“Suppose there is a person who, whether guilty or not guilty, has had his body imprisoned in fetters and chains, cangue and lock. If he calls the name of Bodhisattva Perceiver of the World’s Sounds, then all his bonds will be severed and broken and at once he will gain deliverance.
“Suppose, in a place filled with all the evil-hearted bandits of the major world system, there is a merchant leader who is guiding a band of merchants carrying valuable treasures over a steep and dangerous road, and that one man among them shouts out these words: ‘Good men, do not be afraid! You must single-mindedly call on the name of Bodhisattva Perceiver of the World’s Sounds. This bodhisattva can grant fearlessness to living beings. If you call his name, you will be delivered from these evil-hearted bandits!’ When the band of merchants hear this, they all together raise their voices, saying, ‘Hail to the bodhisattva Perceiver of the World’s Sounds!’ And because they call his name, they are at once able to gain deliverance. Inexhaustible Intent, the authority and supernatural power of the bodhisattva mahasattva Perceiver of the World’s Sounds are as mighty as this!
“If there should be living beings beset by numerous lusts
and cravings, let them think with constant reverence of Bodhisattva Perceiver of the World’s Sounds and then they can shed their desires. If they have great wrath and ire, let them think with constant reverence of Bodhisattva Perceiver of the World’s p.341Sounds and then they can shed their ire. If they have great ignorance and foolishness, let them think with constant reverence of Bodhisattva Perceiver of the World’s Sounds and they can rid themselves of foolishness.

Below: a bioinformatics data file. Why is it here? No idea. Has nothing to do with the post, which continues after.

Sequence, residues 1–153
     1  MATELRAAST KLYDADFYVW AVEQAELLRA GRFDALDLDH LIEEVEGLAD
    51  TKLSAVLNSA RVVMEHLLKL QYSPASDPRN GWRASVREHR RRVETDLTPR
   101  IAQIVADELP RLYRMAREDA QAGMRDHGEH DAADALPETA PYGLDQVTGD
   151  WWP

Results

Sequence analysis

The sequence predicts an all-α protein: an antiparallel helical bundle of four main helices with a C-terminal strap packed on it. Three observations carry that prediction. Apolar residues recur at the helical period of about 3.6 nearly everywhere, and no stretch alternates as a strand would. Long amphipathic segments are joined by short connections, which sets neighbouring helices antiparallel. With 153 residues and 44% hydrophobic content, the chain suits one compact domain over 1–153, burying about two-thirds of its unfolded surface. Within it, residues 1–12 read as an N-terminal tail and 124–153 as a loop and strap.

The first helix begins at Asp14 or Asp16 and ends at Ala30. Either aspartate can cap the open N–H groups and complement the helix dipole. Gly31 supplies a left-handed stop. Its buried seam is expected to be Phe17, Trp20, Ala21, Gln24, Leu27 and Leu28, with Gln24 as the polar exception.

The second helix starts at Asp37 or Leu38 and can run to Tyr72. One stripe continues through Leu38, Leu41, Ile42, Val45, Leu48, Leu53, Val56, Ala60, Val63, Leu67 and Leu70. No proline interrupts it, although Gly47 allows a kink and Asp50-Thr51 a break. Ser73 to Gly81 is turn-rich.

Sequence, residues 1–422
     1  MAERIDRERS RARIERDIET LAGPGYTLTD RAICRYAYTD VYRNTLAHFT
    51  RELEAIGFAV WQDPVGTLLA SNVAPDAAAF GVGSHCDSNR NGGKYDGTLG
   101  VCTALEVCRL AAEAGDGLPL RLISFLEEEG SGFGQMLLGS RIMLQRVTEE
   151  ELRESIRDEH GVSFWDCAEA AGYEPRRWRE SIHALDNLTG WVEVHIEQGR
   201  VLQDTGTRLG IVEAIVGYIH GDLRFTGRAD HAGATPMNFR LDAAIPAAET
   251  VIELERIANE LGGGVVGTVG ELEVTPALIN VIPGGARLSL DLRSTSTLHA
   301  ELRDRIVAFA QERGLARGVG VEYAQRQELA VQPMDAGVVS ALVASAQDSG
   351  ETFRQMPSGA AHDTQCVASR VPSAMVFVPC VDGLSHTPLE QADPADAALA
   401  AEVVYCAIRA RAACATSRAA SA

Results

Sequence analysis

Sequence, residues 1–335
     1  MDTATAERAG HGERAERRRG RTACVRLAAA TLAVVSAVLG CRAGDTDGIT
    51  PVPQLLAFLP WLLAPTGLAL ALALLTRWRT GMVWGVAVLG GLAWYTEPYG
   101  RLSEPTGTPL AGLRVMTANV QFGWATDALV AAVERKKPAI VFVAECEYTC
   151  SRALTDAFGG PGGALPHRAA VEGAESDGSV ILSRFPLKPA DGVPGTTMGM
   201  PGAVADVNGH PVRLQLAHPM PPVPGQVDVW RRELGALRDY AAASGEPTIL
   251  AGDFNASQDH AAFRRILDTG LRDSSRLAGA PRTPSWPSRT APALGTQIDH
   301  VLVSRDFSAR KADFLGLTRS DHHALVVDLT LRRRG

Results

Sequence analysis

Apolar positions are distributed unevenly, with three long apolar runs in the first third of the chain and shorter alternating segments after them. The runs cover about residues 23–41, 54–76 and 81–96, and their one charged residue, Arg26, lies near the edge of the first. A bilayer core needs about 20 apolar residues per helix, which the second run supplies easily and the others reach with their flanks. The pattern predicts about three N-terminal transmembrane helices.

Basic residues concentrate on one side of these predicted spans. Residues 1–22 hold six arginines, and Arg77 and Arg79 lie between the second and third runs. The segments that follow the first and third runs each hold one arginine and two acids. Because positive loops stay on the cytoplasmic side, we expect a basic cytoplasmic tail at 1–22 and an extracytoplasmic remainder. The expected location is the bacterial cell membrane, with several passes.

“Inexhaustible Intent, the bodhisattva Perceiver of the World’s Sounds possesses great authority and supernatural powers, as I have described, and can confer many benefits. For this reason, living beings should constantly keep the thought of him in mind.
“If a woman wishes to give birth to a male child, she should offer obeisance and alms to Bodhisattva Perceiver of the World’s Sounds and then she will bear a son blessed with merit, virtue, and wisdom. And if she wishes to bear a daughter, she will bear one with all the marks of comeliness, one who, having planted the roots of virtue in the past, is loved and respected by many persons.